Certain chemical elements occur naturally in soil but may be toxic in high concentrations. Soil testing determines the level of toxic contaminants in soil. “There is no single standard that defines acceptable levels of contaminants in soil,” according to the Cornell University Waste Management Institute, but “soil screening guidance provided by the U.S. Environmental Protection Agency may be a helpful place to start.”
The EPA has established a framework for risk-based soil testing levels for the protection of human health. It is a tool to standardize and accelerate the evaluation and cleanup of sites of future residential development. “The SSG (Soil Screening Guidance) focuses on a simple methodology for developing site-specific screening levels,” according to the EPA’s paper on soil screening guidance.
Soil Screening Levels
Soil screening levels (SSL) are not national standards for cleaning up soil contamination. The EPA testing identifies and defines soils that do not require further federal testing or cleanup response. Soil that is contaminated above acceptable levels is marked for further study or investigation, but not necessarily cleanup.
Pathways of Exposure
EPA soil testing screens also address the issue of pathways of exposure in residential settings. Exposure to toxic chemicals can include inhalation, ingestion through food crops, drinking contaminated ground water, skin absorption and migration into basements. Additional pathways of toxic chemical exposure are eating fish from polluted waters, heavy truck traffic on paved roads and raising livestock.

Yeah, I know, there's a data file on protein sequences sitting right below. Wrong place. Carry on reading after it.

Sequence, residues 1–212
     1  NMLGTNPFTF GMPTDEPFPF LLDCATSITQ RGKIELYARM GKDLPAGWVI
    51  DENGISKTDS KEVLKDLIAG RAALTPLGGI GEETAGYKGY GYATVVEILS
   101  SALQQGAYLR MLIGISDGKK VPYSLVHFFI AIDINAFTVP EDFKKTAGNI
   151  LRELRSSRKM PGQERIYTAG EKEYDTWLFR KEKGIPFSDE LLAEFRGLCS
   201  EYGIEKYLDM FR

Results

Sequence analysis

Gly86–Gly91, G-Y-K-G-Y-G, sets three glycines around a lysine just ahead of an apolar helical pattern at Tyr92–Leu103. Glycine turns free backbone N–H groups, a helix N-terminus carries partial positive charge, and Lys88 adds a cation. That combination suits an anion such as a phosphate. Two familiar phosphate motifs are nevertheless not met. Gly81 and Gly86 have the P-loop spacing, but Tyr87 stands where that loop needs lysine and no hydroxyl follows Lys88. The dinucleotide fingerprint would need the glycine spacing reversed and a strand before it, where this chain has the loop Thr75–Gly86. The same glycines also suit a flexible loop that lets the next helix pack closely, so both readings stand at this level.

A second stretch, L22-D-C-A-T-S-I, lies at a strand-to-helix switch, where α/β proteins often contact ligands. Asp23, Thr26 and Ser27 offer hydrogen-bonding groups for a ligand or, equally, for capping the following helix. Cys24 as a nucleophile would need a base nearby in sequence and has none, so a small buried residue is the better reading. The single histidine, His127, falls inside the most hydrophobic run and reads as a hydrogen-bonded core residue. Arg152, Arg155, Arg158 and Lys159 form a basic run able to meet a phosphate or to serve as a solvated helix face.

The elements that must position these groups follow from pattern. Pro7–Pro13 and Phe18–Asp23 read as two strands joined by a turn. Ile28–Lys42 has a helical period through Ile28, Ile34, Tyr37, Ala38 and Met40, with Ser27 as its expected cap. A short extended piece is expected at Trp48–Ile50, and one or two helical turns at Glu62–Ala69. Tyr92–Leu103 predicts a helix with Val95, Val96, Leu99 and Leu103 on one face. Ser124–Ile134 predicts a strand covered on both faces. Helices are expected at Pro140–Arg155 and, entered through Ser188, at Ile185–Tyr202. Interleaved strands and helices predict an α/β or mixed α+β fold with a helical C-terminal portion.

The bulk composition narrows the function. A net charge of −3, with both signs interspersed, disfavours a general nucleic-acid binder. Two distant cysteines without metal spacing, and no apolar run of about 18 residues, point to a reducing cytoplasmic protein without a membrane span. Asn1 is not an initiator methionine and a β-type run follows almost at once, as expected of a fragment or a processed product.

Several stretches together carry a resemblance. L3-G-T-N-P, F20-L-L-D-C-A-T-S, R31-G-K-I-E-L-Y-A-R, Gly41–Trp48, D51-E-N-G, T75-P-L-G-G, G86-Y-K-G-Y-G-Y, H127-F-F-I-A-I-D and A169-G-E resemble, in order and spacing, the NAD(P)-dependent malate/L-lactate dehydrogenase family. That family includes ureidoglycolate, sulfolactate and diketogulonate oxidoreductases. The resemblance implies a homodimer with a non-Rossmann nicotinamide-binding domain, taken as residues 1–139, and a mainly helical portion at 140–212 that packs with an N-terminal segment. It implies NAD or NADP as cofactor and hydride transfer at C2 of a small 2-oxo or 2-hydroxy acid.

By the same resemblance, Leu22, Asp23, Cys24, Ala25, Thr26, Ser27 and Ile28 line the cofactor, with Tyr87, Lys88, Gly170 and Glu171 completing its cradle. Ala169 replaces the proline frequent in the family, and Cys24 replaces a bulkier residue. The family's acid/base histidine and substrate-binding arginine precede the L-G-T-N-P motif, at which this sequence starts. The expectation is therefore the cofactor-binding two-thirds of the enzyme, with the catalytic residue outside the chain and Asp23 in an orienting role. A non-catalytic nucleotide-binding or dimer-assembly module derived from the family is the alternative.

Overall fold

Soil can be tested for toxic levels of arsenic, cadmium, chromium, copper, lead, nickel and zinc. Low-level lead contamination is common in urban settings because of the widespread use of lead-based paint and industrial waste processes. Wind carries contaminants that then settle into residential soil. High blood levels of lead are often found in children who live in homes built before the 1940s, according to a report on lead contamination by the Agroecology and Sustainable Agriculture Program.
Risk Sites and Solutions
Soil testing for contaminants is indicated for areas of high traffic, industrial or commercial businesses, exposure to treated wood, petroleum spills, car or machine repair shops, furniture refinishing, fires, landfills or garbage dumps. Composted soil is able to transmute many toxic contaminants such as wood preservatives and pesticides, according to the EPA report on the environmental benefits of composting.